Toxic Environment – Opposite of ‘Diversity & Inclusion’

Go Lean Commentary

Picture this:

You spend $2,000 per night for accommodations for your Caribbean vacation.
You go to bed, only to be awaken by a fuzzing noise outside. You pull back the curtains and there it is:

  • A burning cross erected outside your window!

How long before you want to leave?
Will you ever return?
Will you tell your friends to come visit or stay away?
Why this persecution?

  • The guest in this scenario is a known Gay Man (LGBT), or …
  • The guest in this scenario is a foreigner from Wuhan, China, or …
  • The guest in this scenario is a Muslim from Dubai, in the Middle East.

This describes the Toxic Environment that we suffer here in the Caribbean. The 2013 book Go Lean…Caribbean, serving as a roadmap for the introduction of the Caribbean Union Trade Federation (CU), asserts that Caribbean economic, security (Public Safety) and governing stakeholders must work to mitigate and remediate our societal defects.

Despite the mono-industrial landscape of tourism, where we need to be inviting and hospitable to all visitors, many times we have chosen the opposite instead, to be: intolerant and judgmental. We give in, on a daily basis to:

This is not theory or conjecture; these intolerance, condemnations and judgments have happened and are happening … repeatedly.

Opponents of a gay rights bill gather in Guyana in 2003. (AP)

People march during a protest against gay rights in
Port-au-Prince, Haiti, Sunday, July 26, 2020.
The group marched demanding that President Jovenel Moise
rescind his most recent decree that rewrites the 185-year-old penal code,
addressing discrimination based on sexual orientation. Dieu Nalio Chery AP


Jamaican Anti-Gay Rally to Oppose Same-Sex Marriage, Even Though No One Has Proposed It

A previous Go Lean commentary from April 8, 2017 identified this example of our severe Caribbean Toxicity. Consider this summary:

‘Loose Lips Sink Ships’ – Leaders Undermine Tourism
… there is no war in the Caribbean, but we do have battles. We have trade wars and economic struggles to try and maintain our way of life and to improve it. For so many of our countries, tourism is the primary economic driver – our regional ship – we have to be on guard and aware of any kind of disparaging talk that can undermine the appeal of our destinations.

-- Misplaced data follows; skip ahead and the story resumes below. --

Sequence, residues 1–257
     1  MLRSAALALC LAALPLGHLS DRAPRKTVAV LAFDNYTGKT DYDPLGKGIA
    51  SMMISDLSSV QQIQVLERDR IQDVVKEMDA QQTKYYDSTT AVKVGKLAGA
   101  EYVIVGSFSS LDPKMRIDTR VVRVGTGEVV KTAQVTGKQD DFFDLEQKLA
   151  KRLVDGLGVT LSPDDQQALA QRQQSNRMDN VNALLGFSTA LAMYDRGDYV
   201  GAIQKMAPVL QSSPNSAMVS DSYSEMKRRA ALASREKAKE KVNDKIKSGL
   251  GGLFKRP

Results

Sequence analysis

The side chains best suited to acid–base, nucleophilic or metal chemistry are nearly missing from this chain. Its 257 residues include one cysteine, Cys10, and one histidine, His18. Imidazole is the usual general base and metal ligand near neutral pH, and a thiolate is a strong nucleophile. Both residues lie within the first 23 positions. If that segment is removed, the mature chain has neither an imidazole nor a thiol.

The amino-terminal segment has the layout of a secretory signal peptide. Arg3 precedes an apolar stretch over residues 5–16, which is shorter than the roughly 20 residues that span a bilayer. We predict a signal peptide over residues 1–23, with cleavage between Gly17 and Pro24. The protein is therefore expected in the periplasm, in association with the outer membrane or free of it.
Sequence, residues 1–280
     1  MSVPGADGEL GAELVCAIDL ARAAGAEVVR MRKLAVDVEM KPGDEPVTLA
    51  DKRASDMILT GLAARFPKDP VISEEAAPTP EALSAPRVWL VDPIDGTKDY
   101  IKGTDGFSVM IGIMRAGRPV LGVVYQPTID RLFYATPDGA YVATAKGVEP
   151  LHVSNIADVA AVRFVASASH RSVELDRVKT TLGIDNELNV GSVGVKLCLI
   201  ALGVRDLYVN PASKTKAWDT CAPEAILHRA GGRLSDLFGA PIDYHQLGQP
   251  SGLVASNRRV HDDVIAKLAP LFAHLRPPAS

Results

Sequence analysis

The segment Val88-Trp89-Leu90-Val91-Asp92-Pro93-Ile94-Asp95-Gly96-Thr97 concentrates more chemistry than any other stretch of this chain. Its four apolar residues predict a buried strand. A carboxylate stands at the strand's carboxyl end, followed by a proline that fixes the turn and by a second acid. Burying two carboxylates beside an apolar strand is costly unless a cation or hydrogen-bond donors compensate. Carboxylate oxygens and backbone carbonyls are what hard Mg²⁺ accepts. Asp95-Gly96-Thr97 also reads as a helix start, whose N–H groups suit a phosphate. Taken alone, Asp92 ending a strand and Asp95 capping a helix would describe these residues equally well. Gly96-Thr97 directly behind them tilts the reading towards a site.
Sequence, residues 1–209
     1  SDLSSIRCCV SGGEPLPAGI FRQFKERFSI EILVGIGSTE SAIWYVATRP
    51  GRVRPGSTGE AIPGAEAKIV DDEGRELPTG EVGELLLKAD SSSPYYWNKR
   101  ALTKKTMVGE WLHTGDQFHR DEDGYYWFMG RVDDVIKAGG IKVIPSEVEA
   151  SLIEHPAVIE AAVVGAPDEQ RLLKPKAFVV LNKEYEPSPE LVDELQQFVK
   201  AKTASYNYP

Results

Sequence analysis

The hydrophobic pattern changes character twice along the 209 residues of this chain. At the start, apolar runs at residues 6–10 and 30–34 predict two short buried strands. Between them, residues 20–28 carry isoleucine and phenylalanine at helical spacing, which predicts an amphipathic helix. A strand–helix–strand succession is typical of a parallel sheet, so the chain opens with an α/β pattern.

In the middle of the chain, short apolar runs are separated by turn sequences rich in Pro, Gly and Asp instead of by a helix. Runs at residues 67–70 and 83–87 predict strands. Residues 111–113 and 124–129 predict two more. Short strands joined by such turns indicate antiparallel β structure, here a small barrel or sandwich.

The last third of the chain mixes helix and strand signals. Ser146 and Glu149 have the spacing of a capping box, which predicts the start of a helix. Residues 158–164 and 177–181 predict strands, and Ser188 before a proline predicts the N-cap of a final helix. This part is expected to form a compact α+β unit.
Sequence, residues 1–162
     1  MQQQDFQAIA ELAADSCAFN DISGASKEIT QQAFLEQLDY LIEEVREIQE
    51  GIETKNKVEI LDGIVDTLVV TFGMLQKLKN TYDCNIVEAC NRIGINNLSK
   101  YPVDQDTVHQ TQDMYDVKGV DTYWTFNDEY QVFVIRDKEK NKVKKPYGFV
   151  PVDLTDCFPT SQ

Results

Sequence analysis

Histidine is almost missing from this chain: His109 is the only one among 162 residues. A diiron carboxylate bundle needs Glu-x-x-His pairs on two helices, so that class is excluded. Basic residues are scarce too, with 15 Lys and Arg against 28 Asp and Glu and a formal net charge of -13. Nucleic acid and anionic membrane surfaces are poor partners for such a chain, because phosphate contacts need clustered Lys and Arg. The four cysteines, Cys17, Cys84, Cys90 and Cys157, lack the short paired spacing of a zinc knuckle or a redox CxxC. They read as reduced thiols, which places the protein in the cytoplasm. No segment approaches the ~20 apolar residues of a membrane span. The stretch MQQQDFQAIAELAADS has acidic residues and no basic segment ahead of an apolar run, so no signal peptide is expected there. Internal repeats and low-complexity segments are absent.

The United States is suffering the dire consequence of “loose lips sinking ships” right now. The new President – Donald Trump – has made disparaging remarks about certain foreign groups, and then introduced policies that reinforce his disdain for these foreigners.

As a result, more and more foreigners are refusing to come to the US for leisure travel. …

Nobody wants to spend their money in a place where they are not welcomed.

This lesson must be learned in the Caribbean. We have the same threats afoot. Unlike the US, who has the leverage and surety of “richest Single Market economy in the world” to absorb the fall, the Caribbean member-states are mostly Third World and failing.

… Yet, some leaders – Christian pastors in this case – have proclaimed, in a signed petition to this new American President, a heightened level of disdain for certain American tourists. They are protesting the US Human Rights agenda to seek relief for Caribbean populations with affinity for persons ascribing to the Lesbian, Gay, Bisexual and Trans-Gender (LGBT) lifestyles.

Rather than love and leisure … in the Caribbean, these community leaders are projecting “a climate of hate”.

A Toxic Environment bears bad fruit. It is not just homophobia that we are inflicted with, as we have hate and intolerance embedded within our Community Ethos – this refers to (as defined in the Go Lean book Page 20):

  1. the fundamental character or spirit of a culture; the underlying sentiment that informs the beliefs, customs, or practices of a group or society; dominant assumptions of a people or period: In the Greek ethos the individual was highly valued.
  2. the character or disposition of a community, group, person, etc.

Look at these additional phobias that have plagued our society, here in the Caribbean. These are the opposite of the pluralistic society that we feature/want. See these examples of anti-Diversity & Inclusion reality:

The problem with having an intolerant society is that our citizens are less inclined to embrace people that are different, even when you need them. This is the situation with China right now. As there is an exhaustion from North American and European investors in Caribbean communities, China has stepped-up and stepped-in with funds and development support.

We, in the Caribbean, badly need all the help.